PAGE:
‘In a moment of solidarity, all fear fades’
Parastou Forouhar, artist
I was born and raised in Iran, in a dissident family. My parents met through their political struggle, fighting for democracy in the Shah’s time. My father was arrested again and again. As a child, I would visit him in prison. And at home there were always political meetings with my parents’ comrades, who were like family to me.
When the revolution took place, I was 16. Intellectuals, liberals, democrats, people like my parents committed themselves to the revolution, but the religious forces gained the upper hand. The Islamic Republic grew into a monster that uses tradition and religion to oppose diversity, freedom, democracy and the rights of women. And enforces its rule with brutality. By the 1980s I had started to study art and I saw how bad it was – that repressive bleakness. It wasn’t just the veil: all freedoms were suddenly restricted. Friends of my parents were executed. There were mass arrests. Three girls from my class in high school were put in jail, and one was killed. Thousands of people died. My father was arrested and sentenced to death. We didn’t know if he would ever get out of prison, but fortunately he was released.
It took decades for an opposition to form, for people to find a language to speak out, to criticise. And among the most radical opponents were my parents. The family of those who were involved politically suffered, too.
In 1991 I came to Germany with my two little sons to study. I wanted to go back to Iran to work as an artist, but when I put on an exhibition there I was besieged by secret service agents. Instead I built a life in Germany. One day I heard my parents had been murdered by Islamic Republic agents, in the house where I grew up. Since then, the families of victims of such murders have used the anniversaries to remember them, but also to demand truth and justice. I go to Tehran every year on the anniversary of my parents’ deaths. This year I was fearful, but with the uprising in Iran I was determined to do my part. At the airport my luggage was searched. But when I walked out of that interrogation room, my eyes roamed round the entrance hall and I saw unveiled women. The first sign of change was these wonderful women’s hair. It filled me with joy. On the way to my parents’ house I saw slogans against the regime sprayed on walls. Propaganda banners had been shredded and burned. In that moment of solidarity, all fear fades.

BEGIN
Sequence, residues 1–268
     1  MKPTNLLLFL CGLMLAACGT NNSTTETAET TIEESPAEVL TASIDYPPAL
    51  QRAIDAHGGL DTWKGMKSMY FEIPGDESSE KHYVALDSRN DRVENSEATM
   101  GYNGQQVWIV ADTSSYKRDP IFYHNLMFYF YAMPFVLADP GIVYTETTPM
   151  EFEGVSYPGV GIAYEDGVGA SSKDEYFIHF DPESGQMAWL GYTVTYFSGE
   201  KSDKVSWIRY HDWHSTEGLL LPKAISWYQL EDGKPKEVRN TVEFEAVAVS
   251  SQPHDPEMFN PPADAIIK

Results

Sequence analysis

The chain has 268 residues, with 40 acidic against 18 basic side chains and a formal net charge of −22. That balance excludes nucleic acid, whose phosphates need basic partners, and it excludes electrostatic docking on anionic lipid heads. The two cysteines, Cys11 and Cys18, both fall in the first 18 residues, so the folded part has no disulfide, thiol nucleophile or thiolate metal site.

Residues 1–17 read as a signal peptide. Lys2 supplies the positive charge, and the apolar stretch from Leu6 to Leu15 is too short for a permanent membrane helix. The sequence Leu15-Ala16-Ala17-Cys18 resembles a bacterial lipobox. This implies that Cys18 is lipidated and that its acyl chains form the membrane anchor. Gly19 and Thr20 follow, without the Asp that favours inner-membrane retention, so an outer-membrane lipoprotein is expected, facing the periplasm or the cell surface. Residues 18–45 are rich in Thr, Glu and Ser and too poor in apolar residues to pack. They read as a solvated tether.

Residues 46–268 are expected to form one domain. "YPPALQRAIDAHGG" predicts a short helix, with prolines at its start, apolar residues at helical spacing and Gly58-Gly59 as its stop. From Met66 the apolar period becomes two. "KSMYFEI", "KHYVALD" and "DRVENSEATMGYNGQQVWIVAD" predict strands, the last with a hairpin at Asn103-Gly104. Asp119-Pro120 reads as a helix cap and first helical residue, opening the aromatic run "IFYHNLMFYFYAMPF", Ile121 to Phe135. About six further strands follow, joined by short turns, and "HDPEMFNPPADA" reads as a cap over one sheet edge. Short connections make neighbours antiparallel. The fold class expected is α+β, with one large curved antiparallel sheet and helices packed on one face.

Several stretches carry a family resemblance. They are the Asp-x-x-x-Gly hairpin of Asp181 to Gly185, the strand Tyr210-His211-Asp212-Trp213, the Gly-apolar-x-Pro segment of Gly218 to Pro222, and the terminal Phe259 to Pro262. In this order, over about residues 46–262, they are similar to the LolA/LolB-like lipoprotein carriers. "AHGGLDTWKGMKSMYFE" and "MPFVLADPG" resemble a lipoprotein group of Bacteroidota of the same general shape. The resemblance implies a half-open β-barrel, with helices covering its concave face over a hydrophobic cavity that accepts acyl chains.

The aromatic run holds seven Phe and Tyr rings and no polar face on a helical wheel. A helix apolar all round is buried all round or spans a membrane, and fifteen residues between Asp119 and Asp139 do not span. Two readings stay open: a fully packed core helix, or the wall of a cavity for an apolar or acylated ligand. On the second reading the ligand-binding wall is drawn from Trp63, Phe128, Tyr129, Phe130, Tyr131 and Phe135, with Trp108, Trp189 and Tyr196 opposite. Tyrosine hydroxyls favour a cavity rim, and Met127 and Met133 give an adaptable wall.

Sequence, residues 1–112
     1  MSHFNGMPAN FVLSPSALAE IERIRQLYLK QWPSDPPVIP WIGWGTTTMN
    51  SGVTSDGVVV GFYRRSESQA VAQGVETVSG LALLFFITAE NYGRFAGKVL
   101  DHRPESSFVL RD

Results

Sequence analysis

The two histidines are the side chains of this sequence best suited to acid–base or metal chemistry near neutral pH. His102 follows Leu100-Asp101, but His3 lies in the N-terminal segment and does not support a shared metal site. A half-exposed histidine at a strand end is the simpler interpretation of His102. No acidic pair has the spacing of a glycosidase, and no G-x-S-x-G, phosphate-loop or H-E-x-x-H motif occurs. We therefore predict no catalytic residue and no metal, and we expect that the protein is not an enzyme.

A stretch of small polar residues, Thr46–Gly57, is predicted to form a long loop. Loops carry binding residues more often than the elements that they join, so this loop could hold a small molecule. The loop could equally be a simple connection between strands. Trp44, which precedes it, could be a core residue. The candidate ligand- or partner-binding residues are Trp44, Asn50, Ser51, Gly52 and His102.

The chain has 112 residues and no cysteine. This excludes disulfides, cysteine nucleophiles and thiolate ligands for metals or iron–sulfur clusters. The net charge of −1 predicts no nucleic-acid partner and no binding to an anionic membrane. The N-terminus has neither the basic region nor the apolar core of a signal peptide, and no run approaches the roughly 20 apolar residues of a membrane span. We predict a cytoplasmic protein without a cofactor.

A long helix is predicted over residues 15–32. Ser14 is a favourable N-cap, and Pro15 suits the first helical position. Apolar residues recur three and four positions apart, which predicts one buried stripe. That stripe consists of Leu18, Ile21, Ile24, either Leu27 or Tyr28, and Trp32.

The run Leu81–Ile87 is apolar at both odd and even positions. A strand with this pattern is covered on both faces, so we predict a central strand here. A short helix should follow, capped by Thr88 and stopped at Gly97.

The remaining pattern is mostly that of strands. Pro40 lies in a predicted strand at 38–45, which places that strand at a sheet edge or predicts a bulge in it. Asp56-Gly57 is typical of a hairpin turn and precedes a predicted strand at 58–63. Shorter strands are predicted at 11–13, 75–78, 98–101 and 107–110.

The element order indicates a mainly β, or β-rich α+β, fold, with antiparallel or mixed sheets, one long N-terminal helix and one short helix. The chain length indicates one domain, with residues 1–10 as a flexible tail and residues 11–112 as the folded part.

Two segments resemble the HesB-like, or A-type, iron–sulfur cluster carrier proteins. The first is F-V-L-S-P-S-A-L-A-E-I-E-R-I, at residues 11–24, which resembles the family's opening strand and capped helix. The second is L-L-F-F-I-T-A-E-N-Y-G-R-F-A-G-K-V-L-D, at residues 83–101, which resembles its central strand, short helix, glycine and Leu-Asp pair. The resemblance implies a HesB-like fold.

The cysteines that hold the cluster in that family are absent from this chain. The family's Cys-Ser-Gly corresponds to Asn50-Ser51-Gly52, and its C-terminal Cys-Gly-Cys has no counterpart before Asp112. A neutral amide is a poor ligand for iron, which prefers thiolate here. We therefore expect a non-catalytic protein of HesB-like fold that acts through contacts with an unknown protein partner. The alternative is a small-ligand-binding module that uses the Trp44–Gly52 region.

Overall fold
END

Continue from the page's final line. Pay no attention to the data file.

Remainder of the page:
I have been living in Germany for more than 30 years as an artist, activist and art professor. Every artist draws from their lived experience. Repression and violation of human rights is not an exclusively Iranian phenomenon. It is simply a human condition. But every act of resistance is a spark of hope. In my work I use the image of a butterfly. It is a magical creature, as thin as paper, with so many patterns. It has a poetic role in Iranian literature, and in other cultures – in Greece it represents the soul. It’s a symbol of resurrection, and it’s also my mother’s first name, Parvaneh.
As told to Mascha Malburg
‘I lost everything because I didn’t wear a hijab’
Shiva Amini, football coach
I grew up with football. When I was two, I started to play on the street with boys. I didn’t have any toys, just a ball. It was natural, something inside of me. They said to me: “You are a girl. You cannot play football with boys. You have to wear the hijab.” I remember I came home and talked with my mum and I said: “Look, I want to be a boy because a girl here cannot do anything.”
When I was 16, I started to play professional futsal [a type of five-a-side football played on a hard court]. I was a forward. Playing in a hijab is so hard. Especially when it’s warm, you cannot breathe, you cannot run. When I was asked to play in the national team, I said no. My mum called the Iranian Football Federation and told them: “Shiva doesn’t want to play with the national team. Only Super League.” They said: “No, she has to come, she has to do everything we decide for her.” In Iran you cannot decide for yourself. It’s not just sport – it’s everything. When you go outside you have to respect their rules. If not, they arrest you. They torture you.